I think that the band dynamic frankly has never been better. I think with maturity and age comes perspective, and I think that we all are in this experience now with a lot more appreciation and perspective than we were in our twenties. And the chance to still be able to get together and sing with people you enjoy and make a living at it 20 years later is pretty awesome, so I think we’re all pretty grateful. And we still enjoy singing together and performing together. So we’ve kind of taken the mentality of hey, as long as we’re enjoying this and people want to keep coming to see us, we’re not gonna stop. Let’s keep doing it.
And it’s been a lot of fun! I guess it was four years ago it when we got back together, and we didn’t really know what to expect. And I think we all came out of that thinking, wow, we had a lot more fun on the road together than we probably even thought we would. As far as touring goes though, it’s definitely harder than it was in our twenties. I think the part that we’ve changed is the way we live our lives. The majority of us have kids and families and it’s tough to be away from your family when you’re out on the road. We definitely still enjoy it, we enjoy performing together and being on the road together. It’s just hard to be away from your kids for that long.
I wanted your perspective on 98 Degrees as something of a nostalgia act. I think it’s clear that people feel really attached to that old music, that it’s a form of escapism for your fans.
Well I’m excited because for the last tour we did last summer we didn’t have any new music, but this time around we do have a new Christmas record which we’re incredibly proud of. So I guess we are a nostalgia act, but we like to think we’re still a relevant act, and we’re very proud of the new music we’re doing, and I think people are gonna really enjoy this album a lot. But as far as the nostalgia, I think that the era that we were lucky enough to come up in—the TRL, pop explosion era—I think it was such a feel-good time for the country in general and for music. I don’t need to go into detail about why that’s so needed now, but we’re living in darker times, and I think that there’s a real desire and a real joy in going back and revisiting those times. Music takes you back; you hear a song and you instantly remember where you were when you first heard it. And I think people enjoy that—escapism is a good word. People enjoy the chance, even if it’s just for a couple of hours, to get away from all the nonsense that we deal with today and kind of relive the glory days if you will. I mean, you see that with TRL coming back now! It was just a good time. It was a fun time to be a part of that kind of culture, the MTV pop culture, and its fun to go back.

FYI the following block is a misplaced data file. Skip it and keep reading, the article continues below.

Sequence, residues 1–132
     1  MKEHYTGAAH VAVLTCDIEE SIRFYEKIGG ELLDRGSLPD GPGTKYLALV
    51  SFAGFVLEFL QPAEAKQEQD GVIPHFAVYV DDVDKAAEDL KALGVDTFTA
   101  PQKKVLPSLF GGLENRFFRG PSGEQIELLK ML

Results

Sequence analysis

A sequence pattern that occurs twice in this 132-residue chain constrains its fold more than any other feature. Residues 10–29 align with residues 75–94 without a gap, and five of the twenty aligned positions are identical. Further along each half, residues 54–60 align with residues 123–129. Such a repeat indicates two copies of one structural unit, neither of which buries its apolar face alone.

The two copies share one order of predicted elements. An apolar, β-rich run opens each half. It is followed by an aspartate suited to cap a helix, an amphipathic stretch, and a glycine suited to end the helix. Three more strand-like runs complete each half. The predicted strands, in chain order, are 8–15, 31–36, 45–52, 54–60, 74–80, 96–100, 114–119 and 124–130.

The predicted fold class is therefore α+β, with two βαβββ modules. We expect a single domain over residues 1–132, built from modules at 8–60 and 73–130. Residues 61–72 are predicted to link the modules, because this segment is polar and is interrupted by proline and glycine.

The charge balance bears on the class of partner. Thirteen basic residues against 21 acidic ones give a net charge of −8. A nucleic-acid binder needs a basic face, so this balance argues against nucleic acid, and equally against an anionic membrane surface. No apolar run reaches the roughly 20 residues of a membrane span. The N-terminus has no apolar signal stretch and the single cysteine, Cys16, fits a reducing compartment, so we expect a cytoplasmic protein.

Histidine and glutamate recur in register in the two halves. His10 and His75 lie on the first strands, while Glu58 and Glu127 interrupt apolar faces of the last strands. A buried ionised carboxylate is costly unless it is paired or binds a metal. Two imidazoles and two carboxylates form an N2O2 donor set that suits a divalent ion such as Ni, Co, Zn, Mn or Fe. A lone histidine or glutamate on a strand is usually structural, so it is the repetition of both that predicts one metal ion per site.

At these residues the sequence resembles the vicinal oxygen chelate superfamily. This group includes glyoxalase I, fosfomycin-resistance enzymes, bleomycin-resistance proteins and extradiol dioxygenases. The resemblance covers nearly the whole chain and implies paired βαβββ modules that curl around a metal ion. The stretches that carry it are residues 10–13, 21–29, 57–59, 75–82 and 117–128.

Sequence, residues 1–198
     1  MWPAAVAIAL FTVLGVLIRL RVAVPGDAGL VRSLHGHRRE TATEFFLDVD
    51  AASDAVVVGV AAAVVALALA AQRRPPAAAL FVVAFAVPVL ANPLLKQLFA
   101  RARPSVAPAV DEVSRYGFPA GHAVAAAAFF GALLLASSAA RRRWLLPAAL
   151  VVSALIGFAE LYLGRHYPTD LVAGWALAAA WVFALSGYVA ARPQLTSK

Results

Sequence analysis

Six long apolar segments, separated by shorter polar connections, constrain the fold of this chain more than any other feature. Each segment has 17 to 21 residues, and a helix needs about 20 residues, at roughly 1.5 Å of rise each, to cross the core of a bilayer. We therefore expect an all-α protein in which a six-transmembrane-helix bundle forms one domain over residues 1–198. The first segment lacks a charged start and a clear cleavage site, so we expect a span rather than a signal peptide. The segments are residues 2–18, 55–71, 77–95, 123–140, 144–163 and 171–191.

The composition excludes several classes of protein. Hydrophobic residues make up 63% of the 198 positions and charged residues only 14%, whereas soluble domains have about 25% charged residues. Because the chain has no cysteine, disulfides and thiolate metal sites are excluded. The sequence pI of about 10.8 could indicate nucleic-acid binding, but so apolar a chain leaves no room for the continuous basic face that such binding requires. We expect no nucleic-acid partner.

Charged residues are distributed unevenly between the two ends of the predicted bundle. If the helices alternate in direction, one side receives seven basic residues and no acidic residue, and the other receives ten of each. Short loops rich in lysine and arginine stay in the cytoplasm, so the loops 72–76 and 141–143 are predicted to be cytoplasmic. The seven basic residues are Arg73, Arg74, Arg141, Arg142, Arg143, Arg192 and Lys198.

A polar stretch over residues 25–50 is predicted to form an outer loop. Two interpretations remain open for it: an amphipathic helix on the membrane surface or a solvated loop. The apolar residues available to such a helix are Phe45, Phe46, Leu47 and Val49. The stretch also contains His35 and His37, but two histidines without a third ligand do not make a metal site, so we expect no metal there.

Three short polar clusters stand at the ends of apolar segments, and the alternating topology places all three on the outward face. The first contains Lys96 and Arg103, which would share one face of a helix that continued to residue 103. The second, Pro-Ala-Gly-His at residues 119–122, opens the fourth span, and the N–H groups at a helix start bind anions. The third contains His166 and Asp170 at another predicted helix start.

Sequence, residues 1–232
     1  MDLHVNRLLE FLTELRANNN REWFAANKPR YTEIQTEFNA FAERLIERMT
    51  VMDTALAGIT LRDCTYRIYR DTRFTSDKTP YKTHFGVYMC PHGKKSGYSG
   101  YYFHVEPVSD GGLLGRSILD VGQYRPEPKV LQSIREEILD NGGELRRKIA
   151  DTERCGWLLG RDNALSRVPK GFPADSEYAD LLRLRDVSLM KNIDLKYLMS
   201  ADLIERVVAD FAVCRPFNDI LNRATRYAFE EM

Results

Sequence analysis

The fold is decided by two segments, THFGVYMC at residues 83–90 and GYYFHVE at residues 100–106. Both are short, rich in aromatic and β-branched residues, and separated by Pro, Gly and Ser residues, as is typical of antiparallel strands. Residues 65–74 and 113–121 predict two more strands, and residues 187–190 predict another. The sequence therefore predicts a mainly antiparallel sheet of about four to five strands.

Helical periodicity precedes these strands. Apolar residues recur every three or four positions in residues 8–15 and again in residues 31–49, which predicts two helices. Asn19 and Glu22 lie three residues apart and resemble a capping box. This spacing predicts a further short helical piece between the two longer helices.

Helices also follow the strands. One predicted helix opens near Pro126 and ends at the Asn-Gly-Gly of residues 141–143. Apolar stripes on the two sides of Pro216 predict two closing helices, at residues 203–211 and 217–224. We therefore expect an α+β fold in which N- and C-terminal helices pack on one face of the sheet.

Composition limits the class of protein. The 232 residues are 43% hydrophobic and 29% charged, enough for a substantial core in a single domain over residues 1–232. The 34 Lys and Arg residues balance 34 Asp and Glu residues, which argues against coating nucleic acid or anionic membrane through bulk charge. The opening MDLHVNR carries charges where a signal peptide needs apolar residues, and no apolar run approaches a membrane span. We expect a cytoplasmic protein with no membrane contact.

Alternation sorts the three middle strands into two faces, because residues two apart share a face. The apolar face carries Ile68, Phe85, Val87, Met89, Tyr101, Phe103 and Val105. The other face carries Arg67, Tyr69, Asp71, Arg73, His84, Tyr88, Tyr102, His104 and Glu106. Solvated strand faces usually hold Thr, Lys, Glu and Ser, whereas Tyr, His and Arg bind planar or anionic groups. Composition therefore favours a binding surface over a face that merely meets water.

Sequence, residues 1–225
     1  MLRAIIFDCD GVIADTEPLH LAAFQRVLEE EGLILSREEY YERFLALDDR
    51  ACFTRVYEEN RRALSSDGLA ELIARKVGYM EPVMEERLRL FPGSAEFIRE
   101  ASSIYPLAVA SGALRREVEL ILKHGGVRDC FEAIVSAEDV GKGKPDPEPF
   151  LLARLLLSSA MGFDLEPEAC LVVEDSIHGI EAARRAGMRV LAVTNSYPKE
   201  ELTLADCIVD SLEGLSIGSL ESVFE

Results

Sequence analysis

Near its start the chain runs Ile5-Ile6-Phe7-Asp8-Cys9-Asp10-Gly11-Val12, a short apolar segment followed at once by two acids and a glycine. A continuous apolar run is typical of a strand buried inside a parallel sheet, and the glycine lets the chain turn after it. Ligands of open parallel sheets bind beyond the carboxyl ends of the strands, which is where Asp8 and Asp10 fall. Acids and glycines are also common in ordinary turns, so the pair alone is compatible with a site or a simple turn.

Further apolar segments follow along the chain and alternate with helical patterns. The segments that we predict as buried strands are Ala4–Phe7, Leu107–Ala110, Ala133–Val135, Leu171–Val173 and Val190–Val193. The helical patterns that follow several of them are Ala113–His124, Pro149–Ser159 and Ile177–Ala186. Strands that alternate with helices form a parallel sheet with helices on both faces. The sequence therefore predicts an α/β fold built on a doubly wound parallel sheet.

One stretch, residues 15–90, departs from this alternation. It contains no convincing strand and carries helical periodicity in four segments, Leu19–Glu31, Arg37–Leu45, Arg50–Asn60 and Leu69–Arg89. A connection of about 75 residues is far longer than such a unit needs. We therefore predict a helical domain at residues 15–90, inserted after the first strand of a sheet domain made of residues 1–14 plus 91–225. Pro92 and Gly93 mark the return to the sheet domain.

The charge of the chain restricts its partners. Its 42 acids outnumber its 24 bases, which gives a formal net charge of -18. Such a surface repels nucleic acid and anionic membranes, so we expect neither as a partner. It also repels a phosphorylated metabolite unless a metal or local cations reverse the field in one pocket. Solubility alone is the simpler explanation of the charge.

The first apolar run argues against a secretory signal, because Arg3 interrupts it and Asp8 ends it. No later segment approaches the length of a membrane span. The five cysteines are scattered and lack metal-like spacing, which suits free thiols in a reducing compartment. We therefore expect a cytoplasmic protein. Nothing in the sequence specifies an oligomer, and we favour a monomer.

What do you remember those pop glory days being like?
When we first got signed to Motown in 1996, we were kind of molding ourselves in the vision of Boyz II Men or Color Me Badd. We didn’t really intend to be a boy band or intend to be part of a pop explosion. But then in '97 when our first record dropped, that was the same time you had Hanson and Spice Girls and Backstreet, so all of a sudden pop was back, and we were fortunate enough to get caught up in that. But to say we saw it coming would be a lie. And that’s I guess a little bit of why we can appreciate it more the second time around. Cause when it happened, in those days, it was such whirlwind that you literally were just holding on for dear life and trying to catch your breath. So I think now we have the opportunity to do it again and appreciate it a little more. But it was awesome. There’s nothing quite like the mania that we all experienced back in those days. It was once-in-a-lifetime.
And is there a connection between boy banders past and present? Maybe like some boy band PTSD?
(Laughs). You know, I can speak more to all the guys we came up with, you know guys from NSYNC and Backstreet, those are guys that we still see on a regular basis. And you kind of share a common thread, we all lived on different levels and in different ways, but we all lived more or less the same experience. And now we’ve all gone off and started our families and gone through different chapters in our lives, but I do think you share a little bit of a bond with those guys. As far as new guys today, I’m very happy—thrilled even—that we experienced our mania in a time when it was a little less exposed. I can’t imagine what the Biebers and the One Directions of the world have to deal with now in terms of the exposure, the social media, the constant publicity…we were a little more sheltered. It’s a different game now. These guys coming up now have a whole new set of concerns to deal with than we did.
You’re also someone who’s been involved with reality TV as a genre for a while now in a lot of different forms, starting with Newlyweds, which I think of as one of the first huge, universally talked-about reality TV shows. How do you think the genre’s changed since then?